InÂ The Search for Spock, Kirk defies the Federation in order to find his friend. Intrigued? Then itâ€™s time for Mark to watchÂ Star Trek.
Goddamn, these movies are making me emotional. ITâ€™S TOO MUCH. But letâ€™s discuss some things because SPOOOCCCCKKKK.
The Good Stuff
Right off the bat, I knew Iâ€™d have a good time because of the unexpected serialization inÂ The Search for Spock.Â Well, the title itself was kind of a spoiler, but not one that ruined the experience for me. I WAS FINE WITH IT BECAUSE IT MEANT THAT SPOCK COULD COME BACK. And yet, going into this film with this idea in mind, I didnâ€™t think weâ€™d see the eventsÂ immediately after the last film. Itâ€™s such a great touch, a welcome surprise, and a rewarding way to handle this franchise. Part of that is because of immediacy; the emotions surrounding Spockâ€™s death are still raw, and you can see it in the faces of these characters. Spockâ€™s loss is heartbreaking, and we never forget that, even as these people seek him out. And thatâ€™s fascinating to me. Even though thereâ€™s confirmation from Sarek that Spock isnâ€™t really dead, the crew never allows themselves to get excited about the possibility of resurrecting him. Itâ€™s like theyâ€™re expecting disappointment.
Of course, their muted reactions to all of this is also due to the circumstances of their mission. For the first time in the series, Admiral Kirk and his friends openly defy the Federation. Yâ€™all, THIS IS SUCH A HUGE DEAL, andÂ The Search for Spock treats it that way. Thereâ€™s a pervasive theme of sacrifice throughout this film, and the first one we witness is Uhura, Bones, Scotty, Chekov, and Kirk sacrificing their careers in order to find Spockâ€™s body and bring it to Vulcan. One of the things thatâ€™s so much fun about watching this is that this film â€“ probably more than the others â€“ feels like old friends banding together to cause mischief. Each of them gets a chance to shine in these early scenes, such as Suluâ€™s fight or Uhuraâ€™s threats. Like the show and the past movies, theyâ€™re still mostly in the background after this. (And I was a little peeved that Uhura got shoved offscreen for over an hour.) But thereâ€™s a camaraderie here thatâ€™s pleasing to watch, especially since we know how serious it is that theyâ€™ve all betrayed the Federation.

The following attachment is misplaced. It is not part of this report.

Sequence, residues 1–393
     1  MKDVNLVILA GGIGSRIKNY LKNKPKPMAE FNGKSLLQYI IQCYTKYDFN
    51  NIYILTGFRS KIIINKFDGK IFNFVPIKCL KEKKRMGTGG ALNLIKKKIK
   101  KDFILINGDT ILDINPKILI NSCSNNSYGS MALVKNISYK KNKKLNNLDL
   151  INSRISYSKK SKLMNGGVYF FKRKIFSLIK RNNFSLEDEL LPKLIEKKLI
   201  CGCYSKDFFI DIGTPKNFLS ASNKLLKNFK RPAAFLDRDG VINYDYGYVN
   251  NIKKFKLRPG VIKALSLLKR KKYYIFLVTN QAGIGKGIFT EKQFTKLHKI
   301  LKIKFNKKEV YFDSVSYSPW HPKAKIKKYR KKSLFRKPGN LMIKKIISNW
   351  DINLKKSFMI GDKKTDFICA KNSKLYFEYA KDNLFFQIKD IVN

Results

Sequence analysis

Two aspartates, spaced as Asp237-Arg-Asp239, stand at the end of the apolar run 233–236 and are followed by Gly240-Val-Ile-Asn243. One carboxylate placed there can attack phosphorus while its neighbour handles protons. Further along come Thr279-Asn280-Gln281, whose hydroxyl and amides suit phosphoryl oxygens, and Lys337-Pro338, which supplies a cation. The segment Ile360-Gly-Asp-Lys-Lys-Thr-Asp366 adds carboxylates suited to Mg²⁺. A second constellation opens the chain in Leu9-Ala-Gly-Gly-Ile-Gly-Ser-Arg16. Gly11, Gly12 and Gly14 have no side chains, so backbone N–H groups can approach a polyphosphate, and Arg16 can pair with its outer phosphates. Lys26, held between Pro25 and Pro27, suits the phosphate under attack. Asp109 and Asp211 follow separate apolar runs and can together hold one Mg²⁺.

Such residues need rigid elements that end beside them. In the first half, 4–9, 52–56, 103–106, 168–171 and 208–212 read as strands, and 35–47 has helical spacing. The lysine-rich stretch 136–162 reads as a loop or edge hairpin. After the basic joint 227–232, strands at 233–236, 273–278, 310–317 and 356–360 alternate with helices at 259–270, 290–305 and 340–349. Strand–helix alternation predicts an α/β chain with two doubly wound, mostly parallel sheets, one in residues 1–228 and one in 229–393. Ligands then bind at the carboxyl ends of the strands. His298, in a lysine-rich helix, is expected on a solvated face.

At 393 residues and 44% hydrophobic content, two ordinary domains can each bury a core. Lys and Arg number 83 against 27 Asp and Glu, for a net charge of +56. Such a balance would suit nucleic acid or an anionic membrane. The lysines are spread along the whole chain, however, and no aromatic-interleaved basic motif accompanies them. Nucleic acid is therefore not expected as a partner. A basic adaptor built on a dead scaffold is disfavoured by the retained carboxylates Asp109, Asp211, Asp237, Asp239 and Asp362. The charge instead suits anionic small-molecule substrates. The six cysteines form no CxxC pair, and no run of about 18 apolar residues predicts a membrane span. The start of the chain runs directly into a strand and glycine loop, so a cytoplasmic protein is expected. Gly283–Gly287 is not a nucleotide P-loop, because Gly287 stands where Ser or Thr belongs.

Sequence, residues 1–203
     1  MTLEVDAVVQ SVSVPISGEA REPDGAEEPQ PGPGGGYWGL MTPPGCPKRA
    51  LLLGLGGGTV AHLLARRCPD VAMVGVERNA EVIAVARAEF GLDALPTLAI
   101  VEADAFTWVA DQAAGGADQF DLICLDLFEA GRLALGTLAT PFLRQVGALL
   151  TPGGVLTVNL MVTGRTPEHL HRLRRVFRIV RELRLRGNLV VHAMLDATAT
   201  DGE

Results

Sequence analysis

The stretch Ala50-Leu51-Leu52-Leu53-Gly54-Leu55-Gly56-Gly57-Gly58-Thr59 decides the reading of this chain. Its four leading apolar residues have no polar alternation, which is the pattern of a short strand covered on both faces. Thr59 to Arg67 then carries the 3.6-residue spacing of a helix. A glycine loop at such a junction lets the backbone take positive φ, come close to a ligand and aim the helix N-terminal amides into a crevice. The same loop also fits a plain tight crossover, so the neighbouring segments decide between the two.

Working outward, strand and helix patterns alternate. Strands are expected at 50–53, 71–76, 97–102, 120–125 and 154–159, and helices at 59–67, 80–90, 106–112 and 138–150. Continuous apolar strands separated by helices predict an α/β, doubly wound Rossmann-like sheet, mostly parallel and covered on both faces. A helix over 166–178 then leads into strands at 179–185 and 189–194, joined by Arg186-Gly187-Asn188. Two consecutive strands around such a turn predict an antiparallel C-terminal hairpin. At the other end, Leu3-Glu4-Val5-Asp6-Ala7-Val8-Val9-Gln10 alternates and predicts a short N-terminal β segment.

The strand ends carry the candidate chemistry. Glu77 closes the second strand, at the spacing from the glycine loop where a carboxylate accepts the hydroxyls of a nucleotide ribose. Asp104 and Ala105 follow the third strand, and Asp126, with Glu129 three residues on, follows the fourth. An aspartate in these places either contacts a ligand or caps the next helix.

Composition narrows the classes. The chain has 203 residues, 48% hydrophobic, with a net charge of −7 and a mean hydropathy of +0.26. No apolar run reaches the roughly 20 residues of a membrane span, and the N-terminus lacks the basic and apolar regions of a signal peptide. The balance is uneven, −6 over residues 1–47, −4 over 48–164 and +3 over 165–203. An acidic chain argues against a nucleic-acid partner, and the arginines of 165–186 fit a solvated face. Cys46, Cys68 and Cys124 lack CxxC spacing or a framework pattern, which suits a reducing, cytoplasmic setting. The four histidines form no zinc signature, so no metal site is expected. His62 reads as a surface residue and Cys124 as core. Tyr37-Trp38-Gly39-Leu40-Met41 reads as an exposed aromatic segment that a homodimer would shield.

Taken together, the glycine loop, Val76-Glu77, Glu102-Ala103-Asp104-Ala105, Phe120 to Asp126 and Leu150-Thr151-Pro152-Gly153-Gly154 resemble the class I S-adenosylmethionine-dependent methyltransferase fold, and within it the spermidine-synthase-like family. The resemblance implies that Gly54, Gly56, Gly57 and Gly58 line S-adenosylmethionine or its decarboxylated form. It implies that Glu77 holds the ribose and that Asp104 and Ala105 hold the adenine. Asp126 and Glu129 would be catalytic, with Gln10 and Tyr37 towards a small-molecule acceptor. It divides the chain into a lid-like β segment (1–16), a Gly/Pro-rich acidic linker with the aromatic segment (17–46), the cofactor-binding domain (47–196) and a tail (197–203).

Thematically, the film explores a spiritual cycle of sorts. This really is a movie about life, aging, death, and rebirth. While I donâ€™t think the film succeeds at everything, thereâ€™s a massive scope to the underlying meaning of this journey. Itâ€™s ambitious, and for the most part, it works. The Federation is becoming younger, and its needs and goals are changing. What happens when Kirk finds out that theÂ Enterprise is being decommissioned? Well, he and his friends steal it. And when the time comes, they understand when theÂ Enterprise truly HAS served its function to them. The same goes for David, who tried to toy even further with the powers of Genesis than we previously knew. In doing so, he caused the Genesis planet to revive Spockâ€™s body IN THE FORM OF A CHILD. Alongside the planet, Spock ages rapidly. The science of it escapes me, but I understood this parallel journey. The point here is that everything ages, and everything eventually dies. I think that perhaps David was doing penance for his actions by sacrificing himself for Spock and Lt. Saavik. (I haveâ€¦ things to say about this.) He sacrifices himself, just days after Spock did so, and the cycle continues.